When it comes to a growing urban community such as Nashville, one of the main concerns, in the eyes of the government, is where people are going to live.  As more and more people move to the city, Metro is eager to increase housing available for those who are able and willing to pay for it. However, those in the lowest income brackets are left behind more often than not.  As a result, many homeless people’s lives are being disrupted. Some people, such as Cecelie Eiler, are now doing work to combat this.  “[Nashville has] got all these people moving here,” said Eiler, a recent Lipscomb graduate who now works with these homeless populations. “We want to put up the nicest things for the nicest people and what that means is…the people at the bottom just keep getting shoved to the side.” With rent prices rising, construction companies are eager to build newer and more housing options and push out those who can not afford the competitive prices, and it’s happening currently in East Nashville’s River Chase Apartments.  Eiler is originally from Freeport, Illinois, and received a degree in environmental and sustainability science at Lipscomb, graduating in May 2021. She now works in the nonprofit sector dedicated to helping the homeless population.   “What’s happening is that there is a set of developers that are buying those apartments and they’re planning to tear them down,” Eiler said. “Currently, there are 60 housing units there that take Section 8.” Section 8 is a government-funded voucher program for low-income houses that allows them to find their own living space. However, the landlord...
Summer heat in Nashville brings dangerously high temperatures

Summer heat in Nashville brings dangerously high temperatures

Summer can be a brutal time for hot temperatures. The past week in Nashville has been especially extreme, which is easily noticeable as soon as one leaves the air conditioning.  A heat advisory was declared for Middle Tennessee for Aug. 11 and Aug. 12. With temperatures in the upper 90s residents were encouraged to stay out of the heat as much as possible. The Nashville Weather Service projects highs to remain in the 90s till Sunday, Aug. 15. Although the southeast has been especially hot, many others across the country have also been affected. According to NBC, almost 200 million people were under a heat advisory as of Aug. 12.  As the rest of the week continues to present these high temperatures, stay hydrated, don’t spend too much time in the heat, and keep an eye on those vulnerable to heat such as senior citizens and...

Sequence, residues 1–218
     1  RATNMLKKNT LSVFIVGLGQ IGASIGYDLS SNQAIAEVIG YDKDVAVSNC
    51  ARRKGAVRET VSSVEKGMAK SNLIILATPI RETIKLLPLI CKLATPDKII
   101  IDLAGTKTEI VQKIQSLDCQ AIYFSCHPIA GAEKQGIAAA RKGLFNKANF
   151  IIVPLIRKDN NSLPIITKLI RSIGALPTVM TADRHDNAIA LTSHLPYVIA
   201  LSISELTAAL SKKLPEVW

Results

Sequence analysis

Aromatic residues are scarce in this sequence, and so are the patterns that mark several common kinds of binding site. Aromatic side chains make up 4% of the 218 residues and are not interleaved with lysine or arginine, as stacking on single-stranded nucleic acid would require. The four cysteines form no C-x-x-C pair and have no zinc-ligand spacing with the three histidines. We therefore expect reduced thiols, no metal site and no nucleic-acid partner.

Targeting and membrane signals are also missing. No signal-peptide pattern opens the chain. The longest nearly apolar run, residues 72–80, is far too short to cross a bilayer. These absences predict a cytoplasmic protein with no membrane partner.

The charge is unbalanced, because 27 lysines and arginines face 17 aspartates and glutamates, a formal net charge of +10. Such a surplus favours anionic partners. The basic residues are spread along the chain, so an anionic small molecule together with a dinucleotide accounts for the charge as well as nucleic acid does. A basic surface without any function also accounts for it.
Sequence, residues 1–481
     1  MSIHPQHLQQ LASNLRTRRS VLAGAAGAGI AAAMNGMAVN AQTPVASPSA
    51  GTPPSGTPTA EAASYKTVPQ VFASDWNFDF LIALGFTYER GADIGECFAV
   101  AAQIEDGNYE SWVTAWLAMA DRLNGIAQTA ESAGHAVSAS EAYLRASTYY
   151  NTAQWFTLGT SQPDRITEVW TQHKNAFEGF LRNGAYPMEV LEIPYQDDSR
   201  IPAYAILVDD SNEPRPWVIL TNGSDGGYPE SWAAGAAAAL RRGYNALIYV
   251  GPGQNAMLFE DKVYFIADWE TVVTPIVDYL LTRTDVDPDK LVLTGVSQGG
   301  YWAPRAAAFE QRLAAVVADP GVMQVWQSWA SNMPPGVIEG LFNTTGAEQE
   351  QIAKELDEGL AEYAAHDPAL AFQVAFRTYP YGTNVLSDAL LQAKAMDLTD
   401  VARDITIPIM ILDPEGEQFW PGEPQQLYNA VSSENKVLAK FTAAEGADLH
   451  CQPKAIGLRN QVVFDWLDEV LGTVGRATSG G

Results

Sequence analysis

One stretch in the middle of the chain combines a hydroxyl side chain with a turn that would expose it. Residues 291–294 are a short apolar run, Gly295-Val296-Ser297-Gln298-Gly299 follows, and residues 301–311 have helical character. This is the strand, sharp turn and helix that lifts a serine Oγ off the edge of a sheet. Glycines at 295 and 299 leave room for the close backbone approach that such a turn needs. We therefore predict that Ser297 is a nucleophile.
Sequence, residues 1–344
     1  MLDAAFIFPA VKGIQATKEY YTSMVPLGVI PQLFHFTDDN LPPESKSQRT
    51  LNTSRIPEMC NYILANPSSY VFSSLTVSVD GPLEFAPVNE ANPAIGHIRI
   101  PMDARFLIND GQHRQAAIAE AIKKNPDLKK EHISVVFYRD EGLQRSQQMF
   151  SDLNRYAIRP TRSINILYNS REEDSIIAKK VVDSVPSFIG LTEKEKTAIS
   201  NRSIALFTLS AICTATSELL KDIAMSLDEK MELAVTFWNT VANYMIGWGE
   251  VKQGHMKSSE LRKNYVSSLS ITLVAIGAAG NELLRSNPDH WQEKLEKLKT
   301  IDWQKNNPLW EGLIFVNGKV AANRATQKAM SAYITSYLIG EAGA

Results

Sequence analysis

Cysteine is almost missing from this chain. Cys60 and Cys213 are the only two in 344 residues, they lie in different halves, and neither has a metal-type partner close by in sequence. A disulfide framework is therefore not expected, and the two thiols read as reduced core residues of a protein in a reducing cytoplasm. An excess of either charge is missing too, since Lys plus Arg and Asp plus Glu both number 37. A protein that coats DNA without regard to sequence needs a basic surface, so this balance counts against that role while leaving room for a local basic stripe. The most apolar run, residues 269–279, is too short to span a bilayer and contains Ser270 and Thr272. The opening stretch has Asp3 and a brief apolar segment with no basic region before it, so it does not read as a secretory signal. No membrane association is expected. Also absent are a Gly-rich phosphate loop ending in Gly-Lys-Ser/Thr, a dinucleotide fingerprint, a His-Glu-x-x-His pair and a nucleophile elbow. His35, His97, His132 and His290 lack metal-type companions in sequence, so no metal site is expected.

George Floyd murder by police, other racial injustices, have BSU setting future goals

George Floyd murder by police, other racial injustices, have BSU setting future goals

Sparked by the headlines about the murder of George Floyd as well as other Black men killed by police officers and a growing awareness of racial injustice, Lipscomb’s Black Student Union is among the citizens and organizations that nationwide are putting a fresh spotlight on issues too often ignored. Lipscomb’s BSU President Dorie Harrison said the tumult of the past year has offered her an incentive to reflect upon the past injustices and set goals for the betterment of the future. Last semester, Harrison, a senior marketing major from Nashville and a Lipscomb Lady Bison basketball player, had a unique experience. In her Legal Aspects class, students watched the video of the death of George Floyd and were instructed individually to decide the sentence of former Minneapolis Police Officer Derek Chauvin (the suspect in Floyd’s murder trial).  Harrison said she recalls feeling shocked as several students didn’t seem to see any wrongdoing in Chauvin’s actions: “To see so many of my classmates say that Chauvin was completely innocent and to go back and justify the death of George Floyd. My hands were shaking.”  As a person of color at a school with a historically high population of White students, Harrison said she often feels put on the spot in these types of situations.  “I was the only Black person in the class, so everyone was looking at me like, ‘Oh, what is she gonna say?’” Harrison said.  Harrison said she has seen a lot of groupthink in her classes. She said people seem to fall in with the majority opinion, leaving little room for those with different viewpoints to speak...